Medium-chain acyl-CoA dehydrogenase (MCAD) deficiency is an inherited disorder that prevents your body from breaking down certain fats and converting them into energy. As a result, the level of sugar in your blood can drop dangerously low (hypoglycemia). MCAD deficiency is present from birth and is a lifelong condition.

Left untreated, hypoglycemia caused by MCAD deficiency can lead to seizures, breathing difficulties, coma and other serious health problems.

In the U.S., all states test for MCAD deficiency at birth as part of newborn screening. If MCAD deficiency is diagnosed and treated early, the disorder can be well managed through diet and lifestyle.


Signs and symptoms of MCAD deficiency typically first appear in babies and young children. In rare cases, the disorder is not diagnosed until adulthood.

Signs and symptoms can vary among people with MCAD deficiency, but they typically include:

  • Vomiting
  • Lack of energy
  • Low blood sugar (hypoglycemia)

Hypoglycemia can be triggered by:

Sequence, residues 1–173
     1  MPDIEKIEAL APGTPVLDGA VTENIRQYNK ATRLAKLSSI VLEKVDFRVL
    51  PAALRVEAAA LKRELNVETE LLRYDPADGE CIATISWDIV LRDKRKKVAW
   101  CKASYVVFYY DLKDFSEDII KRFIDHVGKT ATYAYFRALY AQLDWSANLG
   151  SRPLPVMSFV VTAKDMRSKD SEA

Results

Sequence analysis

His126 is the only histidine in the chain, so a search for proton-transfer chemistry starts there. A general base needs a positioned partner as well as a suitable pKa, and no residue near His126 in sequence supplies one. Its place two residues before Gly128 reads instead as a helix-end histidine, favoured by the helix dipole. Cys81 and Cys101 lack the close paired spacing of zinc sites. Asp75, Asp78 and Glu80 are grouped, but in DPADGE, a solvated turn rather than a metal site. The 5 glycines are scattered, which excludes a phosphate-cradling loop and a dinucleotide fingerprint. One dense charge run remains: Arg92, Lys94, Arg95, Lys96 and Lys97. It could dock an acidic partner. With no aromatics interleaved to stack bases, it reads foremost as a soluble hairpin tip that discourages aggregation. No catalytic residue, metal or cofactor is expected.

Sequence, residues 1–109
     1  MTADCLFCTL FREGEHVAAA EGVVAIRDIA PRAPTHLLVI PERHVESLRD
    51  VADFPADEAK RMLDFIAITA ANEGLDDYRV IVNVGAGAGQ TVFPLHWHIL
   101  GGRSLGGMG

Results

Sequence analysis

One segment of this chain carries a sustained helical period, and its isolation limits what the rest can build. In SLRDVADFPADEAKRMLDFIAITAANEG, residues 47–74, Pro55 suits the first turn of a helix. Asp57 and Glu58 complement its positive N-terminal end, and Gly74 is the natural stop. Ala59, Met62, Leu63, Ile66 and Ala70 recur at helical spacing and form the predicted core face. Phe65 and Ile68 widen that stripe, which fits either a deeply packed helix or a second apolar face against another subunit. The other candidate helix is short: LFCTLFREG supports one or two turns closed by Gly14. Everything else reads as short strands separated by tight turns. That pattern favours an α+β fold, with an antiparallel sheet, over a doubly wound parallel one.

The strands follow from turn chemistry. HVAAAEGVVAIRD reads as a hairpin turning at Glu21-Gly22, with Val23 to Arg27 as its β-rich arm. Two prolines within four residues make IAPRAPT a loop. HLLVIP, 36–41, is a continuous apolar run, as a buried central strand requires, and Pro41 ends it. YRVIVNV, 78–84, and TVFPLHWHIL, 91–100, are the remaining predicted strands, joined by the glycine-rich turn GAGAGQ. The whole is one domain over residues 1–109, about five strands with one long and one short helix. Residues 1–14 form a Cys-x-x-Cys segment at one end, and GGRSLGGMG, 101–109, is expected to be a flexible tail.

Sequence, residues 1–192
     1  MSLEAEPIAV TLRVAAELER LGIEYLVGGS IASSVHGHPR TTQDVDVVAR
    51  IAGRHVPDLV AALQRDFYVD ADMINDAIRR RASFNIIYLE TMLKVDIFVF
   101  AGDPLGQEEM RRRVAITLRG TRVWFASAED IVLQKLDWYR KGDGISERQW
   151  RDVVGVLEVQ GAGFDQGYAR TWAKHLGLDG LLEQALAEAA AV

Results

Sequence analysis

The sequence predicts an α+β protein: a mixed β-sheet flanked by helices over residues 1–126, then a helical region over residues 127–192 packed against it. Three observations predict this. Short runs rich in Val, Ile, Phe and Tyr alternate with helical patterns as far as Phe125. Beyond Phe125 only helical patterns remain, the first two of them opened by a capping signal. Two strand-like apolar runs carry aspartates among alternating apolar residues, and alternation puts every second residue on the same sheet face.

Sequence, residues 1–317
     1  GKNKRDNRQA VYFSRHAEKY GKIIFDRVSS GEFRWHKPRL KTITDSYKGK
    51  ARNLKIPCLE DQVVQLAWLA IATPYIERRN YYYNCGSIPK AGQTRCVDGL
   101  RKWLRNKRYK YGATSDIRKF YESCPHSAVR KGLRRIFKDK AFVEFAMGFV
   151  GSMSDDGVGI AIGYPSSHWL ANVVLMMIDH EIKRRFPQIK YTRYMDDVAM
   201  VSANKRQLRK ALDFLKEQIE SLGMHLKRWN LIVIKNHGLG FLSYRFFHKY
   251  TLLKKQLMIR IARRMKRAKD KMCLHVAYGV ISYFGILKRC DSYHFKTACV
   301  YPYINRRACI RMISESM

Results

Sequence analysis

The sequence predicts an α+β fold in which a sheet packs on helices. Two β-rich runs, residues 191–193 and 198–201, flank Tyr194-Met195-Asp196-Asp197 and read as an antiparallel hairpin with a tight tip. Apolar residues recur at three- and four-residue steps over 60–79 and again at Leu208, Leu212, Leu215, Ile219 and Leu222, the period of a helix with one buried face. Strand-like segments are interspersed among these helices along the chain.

• Going too long without eating or by fasting
  • Not eating enough complex carbohydrates
  • Viral infections and other illnesses
  • Recurrent fever
  • Vomiting
  • Diarrhea
  • Increased exercise
  • Vaccinations
  • Significant stress

Sometimes episodes of hypoglycemia can occur with no symptoms in between these episodes.

When to see a doctor

In the U.S., all newborn screening programs now test for MCAD deficiency. If you notice signs and symptoms of MCAD deficiency or if you have concerns about your child's health, contact your doctor. After the initial evaluation, you may be referred to a doctor trained in evaluating and treating MCAD deficiency and other health care team members such as a dietitian.


When you don't have enough of the MCAD enzyme in your body, certain fats called medium-chain fatty acids can't be broken down and converted to energy. This results in hypoglycemia and low energy. Also, fatty acids can build up in body tissues and cause damage to the liver and brain.

MCAD deficiency is inherited from both parents. Though both parents are carriers — each one has an abnormal gene — they typically don't have symptoms of the condition. The affected child inherits two copies of the abnormal gene — one from each parent.

If you inherit only one affected gene, you won't develop MCAD deficiency, but you are a carrier and can pass the abnormal gene to your children. But they wouldn't develop the condition unless they also inherited an affected gene from their other parent.


If the hypoglycemia caused by MCAD deficiency is left untreated, it can lead to:

  • Seizures
  • Breathing problems
  • Liver problems
  • Brain damage
  • Coma
  • Sudden death

May 30, 2020
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